Based on FireEye’s tip, we started an investigation into “Liberty Front Press” and identified additional accounts and Pages from their network. We are able to link this network to Iranian state media through publicly available website registration information, as well as the use of related IP addresses and Facebook Pages sharing the same admins. For example, one part of the network, “Quest 4 Truth,” claims to be an independent Iranian media organization, but is in fact linked to Press TV, an English-language news network affiliated with Iranian state media. The first “Liberty Front Press” accounts we’ve found were created in 2013. Some of them attempted to conceal their location, and they primarily posted political content focused on the Middle East, as well as the UK, US, and Latin America. Beginning in 2017, they increased their focus on the UK and US. Accounts and Pages linked to “Liberty Front Press” typically posed as news and civil society organizations sharing information in multiple countries without revealing their true identity.
Facebook’s ongoing reports on its attempts to identify coordinated disinformation campaigns were heavy on technical jargon, but rarely offered a concise explanation for why such campaigns were such an insidious threat. Excerpts above touched “book bans” or “book challenges,” which remain consistently unpopular among the general public.
That aspect of the issue was addressed in our December 2020 page about “firehosing,” in which coordinated campaigns align with inflicted information fatigue:
[Disinformation on social media] is also one of the strongest weapons that social media can be harnessed to use against the public at large by offering a speed and scale previously undreamed of by even the most ardent propagandist. What is one surefire way to erase the recent past from the public consciousness in order to write over it on a newly clean historic slate?
You flood it out, of course. “Firehosing” is a Kremlin-originated technique that the Rand Corporation called in a 2016 report, “the firehose of falsehood,” and which indicted fraudster Steve Bannon, inexplicably regarded as a political genius for far too long, called “flooding the zone with shit.” Both analogies are accurate. The “flood” or the “firehose” is a relentless spray of factual and counterfactual stories, emotional pleas and emotional violence, and abusive rhetoric and invective that so quickly gets carried over into national and global conversations and from there into policy that there is almost no time to fact-check it.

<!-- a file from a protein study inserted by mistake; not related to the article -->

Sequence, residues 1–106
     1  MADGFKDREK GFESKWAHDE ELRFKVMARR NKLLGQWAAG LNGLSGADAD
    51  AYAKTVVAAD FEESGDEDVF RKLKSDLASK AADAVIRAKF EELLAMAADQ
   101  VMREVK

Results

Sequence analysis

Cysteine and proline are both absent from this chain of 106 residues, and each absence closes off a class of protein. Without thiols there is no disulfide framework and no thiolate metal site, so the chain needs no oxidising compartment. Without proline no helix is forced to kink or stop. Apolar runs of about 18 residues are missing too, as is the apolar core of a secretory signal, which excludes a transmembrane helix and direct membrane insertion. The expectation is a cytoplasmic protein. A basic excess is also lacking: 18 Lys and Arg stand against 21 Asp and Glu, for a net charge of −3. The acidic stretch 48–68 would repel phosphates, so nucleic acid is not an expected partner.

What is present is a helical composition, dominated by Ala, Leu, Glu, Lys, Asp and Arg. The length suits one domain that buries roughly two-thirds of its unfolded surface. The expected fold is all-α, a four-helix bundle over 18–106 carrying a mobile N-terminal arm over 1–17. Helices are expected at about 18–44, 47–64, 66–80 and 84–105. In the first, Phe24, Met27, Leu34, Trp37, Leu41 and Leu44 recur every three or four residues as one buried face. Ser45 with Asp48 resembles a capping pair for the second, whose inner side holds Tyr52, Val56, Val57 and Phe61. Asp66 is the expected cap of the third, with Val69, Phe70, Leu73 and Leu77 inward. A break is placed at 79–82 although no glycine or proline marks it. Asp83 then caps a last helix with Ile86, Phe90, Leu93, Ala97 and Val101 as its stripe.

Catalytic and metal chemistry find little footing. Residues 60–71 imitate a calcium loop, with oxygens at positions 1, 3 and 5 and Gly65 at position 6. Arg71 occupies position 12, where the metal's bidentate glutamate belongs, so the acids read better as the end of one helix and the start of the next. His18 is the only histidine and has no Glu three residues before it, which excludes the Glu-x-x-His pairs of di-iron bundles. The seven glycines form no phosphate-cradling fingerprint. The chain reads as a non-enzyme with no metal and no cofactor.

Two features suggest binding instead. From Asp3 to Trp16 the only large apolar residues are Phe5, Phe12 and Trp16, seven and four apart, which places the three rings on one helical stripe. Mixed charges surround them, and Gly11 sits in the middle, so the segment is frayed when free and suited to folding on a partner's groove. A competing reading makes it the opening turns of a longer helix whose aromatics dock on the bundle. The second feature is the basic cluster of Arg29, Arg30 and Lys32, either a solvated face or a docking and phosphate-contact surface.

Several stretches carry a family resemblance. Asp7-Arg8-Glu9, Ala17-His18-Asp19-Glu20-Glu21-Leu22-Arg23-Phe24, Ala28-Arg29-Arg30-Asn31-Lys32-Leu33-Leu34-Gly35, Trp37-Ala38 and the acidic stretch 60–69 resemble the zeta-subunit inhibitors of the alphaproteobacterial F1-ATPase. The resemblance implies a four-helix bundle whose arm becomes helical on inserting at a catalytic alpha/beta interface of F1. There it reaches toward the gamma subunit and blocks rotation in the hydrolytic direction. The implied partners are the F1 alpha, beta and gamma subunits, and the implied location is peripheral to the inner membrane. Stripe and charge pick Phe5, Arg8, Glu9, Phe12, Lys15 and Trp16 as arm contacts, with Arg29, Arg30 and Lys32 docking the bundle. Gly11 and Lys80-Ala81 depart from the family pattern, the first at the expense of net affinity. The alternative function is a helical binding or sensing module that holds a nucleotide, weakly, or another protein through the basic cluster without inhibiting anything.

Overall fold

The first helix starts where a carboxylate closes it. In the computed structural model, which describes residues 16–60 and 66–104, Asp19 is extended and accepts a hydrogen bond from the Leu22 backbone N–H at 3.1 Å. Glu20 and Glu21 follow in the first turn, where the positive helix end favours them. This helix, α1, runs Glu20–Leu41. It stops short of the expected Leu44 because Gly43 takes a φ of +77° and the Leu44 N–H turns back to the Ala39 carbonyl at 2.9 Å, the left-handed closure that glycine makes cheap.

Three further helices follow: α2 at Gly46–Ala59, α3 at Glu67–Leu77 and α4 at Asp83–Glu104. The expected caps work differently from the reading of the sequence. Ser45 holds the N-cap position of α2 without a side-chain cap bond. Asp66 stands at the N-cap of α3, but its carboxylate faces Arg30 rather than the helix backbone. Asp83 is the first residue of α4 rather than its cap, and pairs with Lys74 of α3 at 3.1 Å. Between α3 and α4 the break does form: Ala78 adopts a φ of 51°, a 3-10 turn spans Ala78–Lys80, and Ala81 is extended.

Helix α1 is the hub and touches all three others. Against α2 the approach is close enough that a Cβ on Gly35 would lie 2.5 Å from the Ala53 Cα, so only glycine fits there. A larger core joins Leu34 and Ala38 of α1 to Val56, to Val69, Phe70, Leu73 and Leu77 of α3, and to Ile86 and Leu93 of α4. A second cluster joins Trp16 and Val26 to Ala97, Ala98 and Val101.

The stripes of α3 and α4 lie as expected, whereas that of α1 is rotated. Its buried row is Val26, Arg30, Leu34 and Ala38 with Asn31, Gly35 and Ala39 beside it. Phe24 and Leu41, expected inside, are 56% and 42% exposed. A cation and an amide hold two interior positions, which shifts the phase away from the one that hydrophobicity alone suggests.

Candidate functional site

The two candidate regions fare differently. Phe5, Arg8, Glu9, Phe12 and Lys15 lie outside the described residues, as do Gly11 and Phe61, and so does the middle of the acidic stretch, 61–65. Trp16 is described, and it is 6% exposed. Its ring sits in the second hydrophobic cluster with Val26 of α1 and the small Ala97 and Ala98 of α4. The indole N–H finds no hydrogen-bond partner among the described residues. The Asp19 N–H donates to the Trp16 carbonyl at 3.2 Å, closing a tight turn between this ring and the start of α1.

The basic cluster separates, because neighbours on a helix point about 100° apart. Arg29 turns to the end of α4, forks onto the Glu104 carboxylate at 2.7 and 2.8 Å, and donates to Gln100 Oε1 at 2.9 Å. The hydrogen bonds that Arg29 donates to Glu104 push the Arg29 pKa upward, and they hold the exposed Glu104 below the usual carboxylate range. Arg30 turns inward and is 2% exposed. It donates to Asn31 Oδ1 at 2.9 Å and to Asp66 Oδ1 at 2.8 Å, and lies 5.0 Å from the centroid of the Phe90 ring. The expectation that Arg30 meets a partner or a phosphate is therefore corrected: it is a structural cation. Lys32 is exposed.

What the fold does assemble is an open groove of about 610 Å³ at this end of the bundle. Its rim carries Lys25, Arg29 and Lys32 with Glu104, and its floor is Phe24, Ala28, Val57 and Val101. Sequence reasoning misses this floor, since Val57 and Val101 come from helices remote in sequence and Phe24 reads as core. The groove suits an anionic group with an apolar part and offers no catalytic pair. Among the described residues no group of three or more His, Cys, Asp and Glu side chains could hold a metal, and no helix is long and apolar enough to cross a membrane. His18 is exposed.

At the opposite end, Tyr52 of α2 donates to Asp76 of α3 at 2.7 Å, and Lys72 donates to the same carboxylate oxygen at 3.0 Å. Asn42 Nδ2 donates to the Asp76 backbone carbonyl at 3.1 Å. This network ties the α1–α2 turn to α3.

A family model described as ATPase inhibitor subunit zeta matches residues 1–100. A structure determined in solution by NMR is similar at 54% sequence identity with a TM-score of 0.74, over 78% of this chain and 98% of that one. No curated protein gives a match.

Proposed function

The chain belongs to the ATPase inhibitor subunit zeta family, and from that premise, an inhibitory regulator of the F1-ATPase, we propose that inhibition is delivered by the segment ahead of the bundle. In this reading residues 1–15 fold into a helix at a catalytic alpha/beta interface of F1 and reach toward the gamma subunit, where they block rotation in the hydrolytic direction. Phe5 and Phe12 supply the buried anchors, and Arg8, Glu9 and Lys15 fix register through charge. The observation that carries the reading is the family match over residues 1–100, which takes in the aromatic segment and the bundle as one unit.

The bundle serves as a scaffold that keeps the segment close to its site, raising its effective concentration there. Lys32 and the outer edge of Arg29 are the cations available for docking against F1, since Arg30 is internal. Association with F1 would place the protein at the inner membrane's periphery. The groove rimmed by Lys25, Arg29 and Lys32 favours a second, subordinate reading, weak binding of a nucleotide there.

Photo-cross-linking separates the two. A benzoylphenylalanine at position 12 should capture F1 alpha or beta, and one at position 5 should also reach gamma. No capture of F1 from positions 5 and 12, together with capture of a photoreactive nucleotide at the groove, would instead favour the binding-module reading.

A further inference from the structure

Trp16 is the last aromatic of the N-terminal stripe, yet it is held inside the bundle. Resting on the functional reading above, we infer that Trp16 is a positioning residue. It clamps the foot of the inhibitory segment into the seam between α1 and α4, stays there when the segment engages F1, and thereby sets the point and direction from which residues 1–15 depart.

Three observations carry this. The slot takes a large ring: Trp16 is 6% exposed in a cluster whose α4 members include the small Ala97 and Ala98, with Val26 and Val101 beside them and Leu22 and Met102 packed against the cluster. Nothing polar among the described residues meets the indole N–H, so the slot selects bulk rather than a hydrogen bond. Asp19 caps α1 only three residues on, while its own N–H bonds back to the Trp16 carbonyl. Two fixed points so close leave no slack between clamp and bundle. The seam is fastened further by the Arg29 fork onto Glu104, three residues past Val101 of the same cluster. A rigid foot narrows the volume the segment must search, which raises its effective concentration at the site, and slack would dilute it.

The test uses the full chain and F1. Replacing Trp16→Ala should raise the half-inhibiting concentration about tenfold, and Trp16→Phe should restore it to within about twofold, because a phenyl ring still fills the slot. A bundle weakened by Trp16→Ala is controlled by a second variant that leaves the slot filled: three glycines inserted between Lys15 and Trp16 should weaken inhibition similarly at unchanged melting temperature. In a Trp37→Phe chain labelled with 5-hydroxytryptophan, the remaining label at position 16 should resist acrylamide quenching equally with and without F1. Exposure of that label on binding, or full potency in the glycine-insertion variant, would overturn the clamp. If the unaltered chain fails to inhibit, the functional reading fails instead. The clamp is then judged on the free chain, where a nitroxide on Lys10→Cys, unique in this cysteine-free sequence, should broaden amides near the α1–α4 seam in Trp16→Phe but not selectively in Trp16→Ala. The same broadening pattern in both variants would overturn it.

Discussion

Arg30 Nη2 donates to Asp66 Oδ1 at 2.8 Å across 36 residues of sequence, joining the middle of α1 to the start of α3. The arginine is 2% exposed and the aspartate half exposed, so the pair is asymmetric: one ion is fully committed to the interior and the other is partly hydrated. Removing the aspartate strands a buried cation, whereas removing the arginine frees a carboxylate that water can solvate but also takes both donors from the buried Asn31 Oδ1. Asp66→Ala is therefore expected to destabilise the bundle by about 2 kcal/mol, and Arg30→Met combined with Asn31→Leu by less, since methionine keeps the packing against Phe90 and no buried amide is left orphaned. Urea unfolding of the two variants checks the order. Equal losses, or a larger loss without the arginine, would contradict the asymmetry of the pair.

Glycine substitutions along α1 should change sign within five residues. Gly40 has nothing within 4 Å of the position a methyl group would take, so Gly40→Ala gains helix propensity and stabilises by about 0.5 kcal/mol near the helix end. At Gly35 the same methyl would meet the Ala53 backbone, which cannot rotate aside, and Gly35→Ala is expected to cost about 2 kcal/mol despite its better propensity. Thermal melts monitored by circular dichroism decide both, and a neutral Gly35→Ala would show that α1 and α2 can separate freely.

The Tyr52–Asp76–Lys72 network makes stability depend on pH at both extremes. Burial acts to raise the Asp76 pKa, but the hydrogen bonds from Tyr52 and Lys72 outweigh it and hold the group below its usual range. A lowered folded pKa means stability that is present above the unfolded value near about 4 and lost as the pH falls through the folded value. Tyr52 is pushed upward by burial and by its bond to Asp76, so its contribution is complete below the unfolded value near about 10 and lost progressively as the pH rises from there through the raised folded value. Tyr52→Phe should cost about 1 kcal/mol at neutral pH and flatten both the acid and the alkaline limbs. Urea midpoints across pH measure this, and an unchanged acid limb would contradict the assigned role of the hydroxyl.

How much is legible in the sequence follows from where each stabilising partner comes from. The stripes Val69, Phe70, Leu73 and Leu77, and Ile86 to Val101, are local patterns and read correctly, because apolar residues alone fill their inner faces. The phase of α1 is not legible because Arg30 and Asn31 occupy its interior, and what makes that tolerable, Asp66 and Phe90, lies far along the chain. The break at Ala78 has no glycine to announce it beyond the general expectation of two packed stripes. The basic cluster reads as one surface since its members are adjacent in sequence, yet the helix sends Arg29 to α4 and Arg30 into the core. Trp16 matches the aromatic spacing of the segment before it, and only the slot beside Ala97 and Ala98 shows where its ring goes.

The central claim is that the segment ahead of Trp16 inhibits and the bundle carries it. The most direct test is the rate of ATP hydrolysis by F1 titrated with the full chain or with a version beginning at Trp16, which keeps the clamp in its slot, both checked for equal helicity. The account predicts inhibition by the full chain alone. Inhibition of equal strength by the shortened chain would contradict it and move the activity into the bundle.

Repetition leads to familiarity and in turn, acceptance or resignation. This spray of false, misleading, or decontextualized information has another insidious and very deliberate secondary effect over time: Journalists and fact-checkers (those wielders of squirt guns) become burned out, and so too becomes the public at large; people become dispirited, disheartened, and unable to see beyond the immediate present to a brighter future, much less fight for it.
In July 2020, a Slate.com writer set out to define coordinated inauthentic campaigns, citing an example involving Facebook and the partisan right-wing site Daily Wire. That story touched on hesitancy on Facebook’s part to act on coordinated inauthentic behavior, for fear of bad press:
Facebook’s definition is only a small part of the question, not least because most of the activity took place on other platforms. (TikTok has an even more opaque standard of its version of [coordinated inauthentic behavior] CIB, which I fear we’re going to learn more about the hard way.)
The same cannot be said of another [then] recent CIB controversy. In Popular Information, Judd Legum described how a network of 14 purportedly independent large Facebook pages drove traffic to the conservative site the Daily Wire, one of the most popular publications on Facebook, including by publishing the same articles at the same time with the same text. As New York Times writer Charlie Warzel put it, “seems coordinated and inauthentic to me.” Facebook’s chief CIB hunter explained, again on Twitter, that CIB is reserved for the most egregious violations and this didn’t meet the threshold because the accounts weren’t fake (although the company did admit to Popular Information today, months after Legum’s original reporting, that the pages were breaking its rules on branded content). The New York Times has previously reported that Facebook’s reluctance to act against these pages was driven by fear of appearing biased against conservatives, which Facebook disputes.
Coordinated inauthentic behavior or disinformation campaigns are often mentioned, but their purpose and function are rarely articulated. Coordinated disinformation is, among other things, exceptionally useful to create the intentionally false impression that highly unpopular, even anti-American initiatives — such as “book challenges” — have “grassroots” support.